[Originally published March 14, 2018]
You probably first encountered the number pi as I did: in elementary or middle school math, where it played a mysterious role in equations for the area and circumference of a circle. I had never encountered a number like pi, and the presence of that ancient Greek symbol in every problem involving circles hinted that there were vast spheres of knowledge yet to encounter. With the simple four-function calculators of the 1970s, we approximated pi with the fraction 22/7, an approximation that was proven by Archimedes to be larger than pi all the way back in the third century BCE. In the fifth century CE, the Chinese mathematician Zu Chongzhi approximated pi with the fraction 355/113, accurate to six decimal places and the best one can do without memorizing a lot of numbers.
Every Circle Ever
Like many things we encounter regularly, pi soon became so mundane that I barely gave it a second thought. Despite the hands-on experience of using a string to measure the circumference of a circle and dividing by the circle’s diameter to obtain an approximation of pi, it wasn’t until many, many years later that I realized how that exercise connects us all. That simple Greek symbol, pi, which represents the ratio of circumference to diameter, exists in every circle ever drawn by anyone, from Archimedes dragging his finger on his primitive version of a tablet (a tray covered in sand) to Niels Bohr and Ernest Rutherford constructing their model of the atom. Draw a circle, think of pi, and you are in the company of the mathematical and scientific giants of history.
Calculating the Number Pi
Also lurking in that ancient symbol is a testament to human curiosity and persistence. We’ve seen the headlines flow past every so many years about new and more impressive calculations of pi. Back in 1949, a desktop calculator was used to calculate pi to 1,120 digits. The first computer calculation of pi was also made in 1949, took 70 hours, and yielded 2,037 digits, a feat our desktop computers could now accomplish in minutes or even seconds. By 1973, pi could be calculated to over a million digits in less than 24 hours, and ten years later it had been computed to over a billion digits on a home-made computer by the Chudnovsky brothers, who later succeeded in reaching over four billion digits on another home-made computer. Currently, we know a few billion digits over 22 trillion, a quantity that I admit, I really can’t quite fathom.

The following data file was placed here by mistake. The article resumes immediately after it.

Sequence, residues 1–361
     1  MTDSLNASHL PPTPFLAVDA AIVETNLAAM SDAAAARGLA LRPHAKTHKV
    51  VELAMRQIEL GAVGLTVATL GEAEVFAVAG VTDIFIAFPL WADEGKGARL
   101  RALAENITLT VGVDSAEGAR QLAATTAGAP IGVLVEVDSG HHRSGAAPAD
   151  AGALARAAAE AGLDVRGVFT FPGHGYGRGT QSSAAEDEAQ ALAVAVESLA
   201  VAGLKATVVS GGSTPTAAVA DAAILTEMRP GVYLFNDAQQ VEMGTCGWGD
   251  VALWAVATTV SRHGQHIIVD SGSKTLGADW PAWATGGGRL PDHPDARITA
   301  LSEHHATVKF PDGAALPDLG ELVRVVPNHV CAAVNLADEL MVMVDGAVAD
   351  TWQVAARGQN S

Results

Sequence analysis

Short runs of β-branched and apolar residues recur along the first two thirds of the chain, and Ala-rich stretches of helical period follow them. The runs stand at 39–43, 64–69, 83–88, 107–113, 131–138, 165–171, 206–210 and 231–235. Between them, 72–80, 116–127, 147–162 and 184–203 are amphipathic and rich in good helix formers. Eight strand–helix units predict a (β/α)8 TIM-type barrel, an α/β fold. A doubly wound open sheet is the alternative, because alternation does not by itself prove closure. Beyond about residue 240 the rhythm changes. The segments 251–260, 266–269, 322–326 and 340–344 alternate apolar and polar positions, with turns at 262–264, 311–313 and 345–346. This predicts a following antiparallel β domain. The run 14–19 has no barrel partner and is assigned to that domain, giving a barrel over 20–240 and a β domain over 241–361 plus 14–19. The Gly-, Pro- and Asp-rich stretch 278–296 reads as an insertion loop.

What is truly marvelous about our desire to calculate pi to greater and greater precision is that such accuracy is not particularly useful. For scientists to calculate the size of the universe plus or minus the size of the smallest atom, pi needs only to be accurate to 40 decimal places. Like so much of what we value (art, music, poetry, sports) pi appears to tap into a human desire to create and improve, to make things better, faster, more accurate, more refined—for no reason other than the sheer pleasure of accomplishment and knowledge for its own sake.